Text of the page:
Nurture Your Hauora

From sharing kai with whānau; going for a hīkoi (walk) solo or with friends; reading a good book; playing touch rugby with neighbours; singing waiata and telling whānau stories; heading out fishing; completing breathing exercises; or ensuring there’s end-of-day whānau “debrief” and connection time.

Or tackling something bigger like learning te reo Māori; taking up a new hobby or sport; connecting or reconnecting with our rūnanga, whānau members, or old friends; getting into the garden; completing online yoga videos; or starting a new whānau tradition.

There are many things we can do to strengthen our hauora (wellbeing) and boost the way we feel and think.

Whānau members Sahni Bennett (Ngāti Makō, Wairewa), Mike Stevens (Kāi Tahu), Suzi Flack (Kāti Māmoe, Kāi Tahu, Kāti Huirapa ki Puketeraki) and their respective whānau have shared with us an activity they love and how it boosts their wellbeing.

Join them as they kōrero about their passion for mara kai (gardening for food) with their tamariki, the magic of kaupapa waka with their whānau and community, and the honour of passing down te hopu tītī (muttonbirding) tradition through the generations.

We hope these videos will inspire and empower you to lead your own hauora journey by learning from Sahni, Mike, Barbara, Te Haeatanui, Suzi, and Brendan’s experiences.


Want to try making Sahni's kūmara flatbreads in your whare?


Tell us, how do you, or are you planning to, nurture your wellbeing? How have you or will you navigate your journey – big or small steps – to improve your hauora? Let us know.

Tell Us

How do you, or are you planning to, nurture your wellbeing? How have you or will you navigate your journey – big or small steps – to improve your hauora? Let us know.

What is hauora wellbeing?

Wellbeing is a positive state and not just the absence of disease or illness. It is strongly linked to happiness and life satisfaction and could be described as how we feel about ourselves and our lives.

To thrive, we need the four holistic and interconnected aspects of wellbeing to be in balance:

  • Te taha hinengaro (mental wellbeing): Just like our physical health, our hinengaro, our mind, heart, conscience, thoughts, and feelings, need to be nurtured. It’s about how we feel, as well as how we communicate and think. Hinengaro is what we do to stimulate and refresh our minds so we can better cope with the ups and downs of life.
  • Te taha tinana (physical wellbeing): Tinana is about how our bodies feel and how we care for them, things like eating healthy kai, physical care like going for a hīkoi, and having reasonable moe (sleep). These things will also help us feel mentally well. Sometimes our tinana might not be where we’d like it to be, and this might be beyond our control. What’s important is that we do what we can to nurture it.
  • Te taha wairua (spiritual wellbeing): Taha wairua explores our relationship with the environment, people, and heritage in the past, present, and future. The way people view wairua can be very different. For some, wairua is faith or religious beliefs or believing in a higher power. Others may describe wairua as an internal connection to the universe and/or appreciation of the beauty around us. There is no right or wrong way to think of or experience wairua, but it’s important to think about what it means to us, and ways to strengthen it. When our wairua is strong, it’s easier to feel good, cope with challenges, and build strong whānau relationships.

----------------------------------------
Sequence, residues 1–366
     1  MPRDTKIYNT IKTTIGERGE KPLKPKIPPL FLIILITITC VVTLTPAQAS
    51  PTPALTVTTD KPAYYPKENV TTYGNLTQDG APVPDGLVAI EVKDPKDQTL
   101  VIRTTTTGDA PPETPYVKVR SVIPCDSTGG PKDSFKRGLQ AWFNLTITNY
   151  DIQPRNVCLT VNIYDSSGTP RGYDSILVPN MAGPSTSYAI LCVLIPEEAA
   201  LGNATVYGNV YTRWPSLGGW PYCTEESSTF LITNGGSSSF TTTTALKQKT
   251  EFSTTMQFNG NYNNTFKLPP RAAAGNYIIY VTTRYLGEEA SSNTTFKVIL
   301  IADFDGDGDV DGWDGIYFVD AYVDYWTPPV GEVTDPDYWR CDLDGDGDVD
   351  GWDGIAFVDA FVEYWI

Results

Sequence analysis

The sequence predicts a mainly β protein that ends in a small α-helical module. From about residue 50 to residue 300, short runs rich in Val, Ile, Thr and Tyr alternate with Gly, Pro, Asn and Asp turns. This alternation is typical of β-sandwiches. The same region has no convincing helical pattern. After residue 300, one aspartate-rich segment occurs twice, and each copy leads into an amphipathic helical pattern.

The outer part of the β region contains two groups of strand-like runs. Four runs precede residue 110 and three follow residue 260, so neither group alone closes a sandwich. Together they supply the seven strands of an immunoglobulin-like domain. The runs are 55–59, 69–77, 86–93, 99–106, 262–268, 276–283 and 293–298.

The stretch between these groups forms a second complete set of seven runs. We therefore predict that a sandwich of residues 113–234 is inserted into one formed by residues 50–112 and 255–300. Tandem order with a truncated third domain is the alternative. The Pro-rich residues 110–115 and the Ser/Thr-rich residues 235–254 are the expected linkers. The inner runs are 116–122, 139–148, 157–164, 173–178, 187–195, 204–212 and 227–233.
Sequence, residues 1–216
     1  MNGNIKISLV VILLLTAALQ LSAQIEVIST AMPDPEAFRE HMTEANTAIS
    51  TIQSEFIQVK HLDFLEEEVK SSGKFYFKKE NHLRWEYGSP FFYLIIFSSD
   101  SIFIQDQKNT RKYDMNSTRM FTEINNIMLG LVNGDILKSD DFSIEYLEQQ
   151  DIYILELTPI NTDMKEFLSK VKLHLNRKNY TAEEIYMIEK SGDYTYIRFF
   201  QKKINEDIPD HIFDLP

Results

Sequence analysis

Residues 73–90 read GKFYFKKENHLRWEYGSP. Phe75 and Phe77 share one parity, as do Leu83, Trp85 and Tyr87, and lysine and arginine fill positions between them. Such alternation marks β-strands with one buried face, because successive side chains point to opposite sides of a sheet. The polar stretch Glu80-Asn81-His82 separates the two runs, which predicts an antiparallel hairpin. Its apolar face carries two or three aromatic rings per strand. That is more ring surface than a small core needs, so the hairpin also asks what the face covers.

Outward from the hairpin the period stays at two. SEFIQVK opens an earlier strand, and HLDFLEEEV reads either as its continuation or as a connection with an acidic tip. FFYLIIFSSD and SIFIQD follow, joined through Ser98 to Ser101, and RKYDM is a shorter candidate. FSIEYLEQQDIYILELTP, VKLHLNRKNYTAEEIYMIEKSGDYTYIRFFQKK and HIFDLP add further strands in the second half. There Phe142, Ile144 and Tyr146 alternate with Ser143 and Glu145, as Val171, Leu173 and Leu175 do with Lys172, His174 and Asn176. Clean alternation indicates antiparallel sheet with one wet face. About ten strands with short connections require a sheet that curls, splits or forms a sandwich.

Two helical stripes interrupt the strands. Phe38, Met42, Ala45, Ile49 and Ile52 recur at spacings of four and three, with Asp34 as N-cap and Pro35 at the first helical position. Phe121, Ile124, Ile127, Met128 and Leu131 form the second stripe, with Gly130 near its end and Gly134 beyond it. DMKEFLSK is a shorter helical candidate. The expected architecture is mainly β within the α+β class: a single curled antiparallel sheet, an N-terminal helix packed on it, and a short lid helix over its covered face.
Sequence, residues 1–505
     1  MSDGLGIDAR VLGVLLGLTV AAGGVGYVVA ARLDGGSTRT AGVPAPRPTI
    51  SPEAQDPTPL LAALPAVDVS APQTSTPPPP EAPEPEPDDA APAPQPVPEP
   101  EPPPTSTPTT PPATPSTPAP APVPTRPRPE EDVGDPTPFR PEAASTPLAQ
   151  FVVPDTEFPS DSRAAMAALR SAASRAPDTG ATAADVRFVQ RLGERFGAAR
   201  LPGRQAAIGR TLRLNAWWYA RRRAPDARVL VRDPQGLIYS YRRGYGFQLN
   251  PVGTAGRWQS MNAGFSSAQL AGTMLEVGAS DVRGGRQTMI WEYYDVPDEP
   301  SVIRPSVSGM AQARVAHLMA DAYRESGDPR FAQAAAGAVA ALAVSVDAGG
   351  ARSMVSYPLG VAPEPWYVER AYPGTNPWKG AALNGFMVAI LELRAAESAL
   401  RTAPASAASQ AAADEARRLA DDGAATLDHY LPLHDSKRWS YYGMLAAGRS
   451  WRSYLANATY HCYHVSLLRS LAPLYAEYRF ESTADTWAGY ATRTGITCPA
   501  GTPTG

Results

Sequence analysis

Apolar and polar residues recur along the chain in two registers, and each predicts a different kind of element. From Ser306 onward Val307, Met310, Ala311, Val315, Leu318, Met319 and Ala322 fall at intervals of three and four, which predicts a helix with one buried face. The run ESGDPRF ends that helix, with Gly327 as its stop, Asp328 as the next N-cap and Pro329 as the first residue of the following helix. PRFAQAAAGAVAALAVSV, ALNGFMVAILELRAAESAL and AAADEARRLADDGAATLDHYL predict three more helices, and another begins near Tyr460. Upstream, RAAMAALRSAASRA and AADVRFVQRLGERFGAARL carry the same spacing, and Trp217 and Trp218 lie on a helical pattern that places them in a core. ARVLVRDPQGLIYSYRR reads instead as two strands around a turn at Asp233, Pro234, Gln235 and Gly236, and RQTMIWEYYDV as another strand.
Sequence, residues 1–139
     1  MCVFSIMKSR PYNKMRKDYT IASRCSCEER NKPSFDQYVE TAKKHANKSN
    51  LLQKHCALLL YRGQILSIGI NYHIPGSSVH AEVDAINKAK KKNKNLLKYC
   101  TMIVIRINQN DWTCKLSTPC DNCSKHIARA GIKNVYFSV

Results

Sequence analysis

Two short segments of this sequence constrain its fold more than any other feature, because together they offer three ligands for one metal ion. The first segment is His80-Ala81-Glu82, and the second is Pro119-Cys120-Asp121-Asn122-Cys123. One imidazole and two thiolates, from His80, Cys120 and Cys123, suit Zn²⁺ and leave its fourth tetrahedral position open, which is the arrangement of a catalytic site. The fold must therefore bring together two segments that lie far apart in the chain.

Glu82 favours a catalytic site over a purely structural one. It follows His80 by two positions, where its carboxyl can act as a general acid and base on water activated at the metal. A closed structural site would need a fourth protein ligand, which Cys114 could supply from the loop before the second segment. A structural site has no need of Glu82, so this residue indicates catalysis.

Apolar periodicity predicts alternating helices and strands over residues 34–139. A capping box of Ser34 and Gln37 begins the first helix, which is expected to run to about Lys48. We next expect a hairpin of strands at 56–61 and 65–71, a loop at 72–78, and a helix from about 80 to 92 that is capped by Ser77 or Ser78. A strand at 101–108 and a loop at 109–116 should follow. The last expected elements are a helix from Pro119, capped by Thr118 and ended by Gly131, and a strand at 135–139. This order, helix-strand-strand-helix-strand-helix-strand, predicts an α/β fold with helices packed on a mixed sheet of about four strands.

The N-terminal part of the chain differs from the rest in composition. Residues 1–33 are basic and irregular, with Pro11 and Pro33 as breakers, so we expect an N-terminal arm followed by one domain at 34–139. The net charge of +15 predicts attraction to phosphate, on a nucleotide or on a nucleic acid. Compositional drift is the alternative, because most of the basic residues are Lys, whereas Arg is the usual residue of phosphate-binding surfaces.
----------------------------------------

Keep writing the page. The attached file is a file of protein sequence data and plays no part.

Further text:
• Te taha whānau (family wellbeing): Whānau are the people who make us feel we belong, who we care about and who care about us, and who we share our lives with. Whānau is about extended relationships, not just immediate relatives. It can be anyone who is close to our hearts, like friends, hoamahi (colleagues), caregivers, groups, iwi, and community. We have a unique place and a role to fulfil within our whānau and our whānau contribute to our wellbeing and identity.

Sources: Te Aka Whai Ora Māori Health Authority and Mauri Tū, Mauri Ora Mental Health Foundation of New Zealand

Resources from All Right?

Te waioratanga | Māori wellbeing supports

Connecting with our culture can really support our hauora and wellbeing. Celebrate te ao Māori with a focus on traditional practices that support our wellbeing – from karakia and rongoa, to activities that connect us with our whānau, iwi and whakapapa.

Tīmatahia | The ways to wellbeing

Even if we’re rundown, ngenge (tired), or stuck in a bit of a rut, there are simple things we can do every day to feel good.

Te hauora o ia rā | Daily wellbeing

Simple things you can try right away, based on the latest science and the ways to wellbeing.

He whakatipu tamariki | Parenting and whānau

Articles, tips, and tools for surviving the ups and downs, enjoying the day-to-day, and helping your tamariki stay calm, manage worries, and feel good.

Ngā taputapu | Wellbeing tools

Tools designed to get wellbeing started – from dice to moon phases, and strength finders to kindness generators, there’s something for everyone.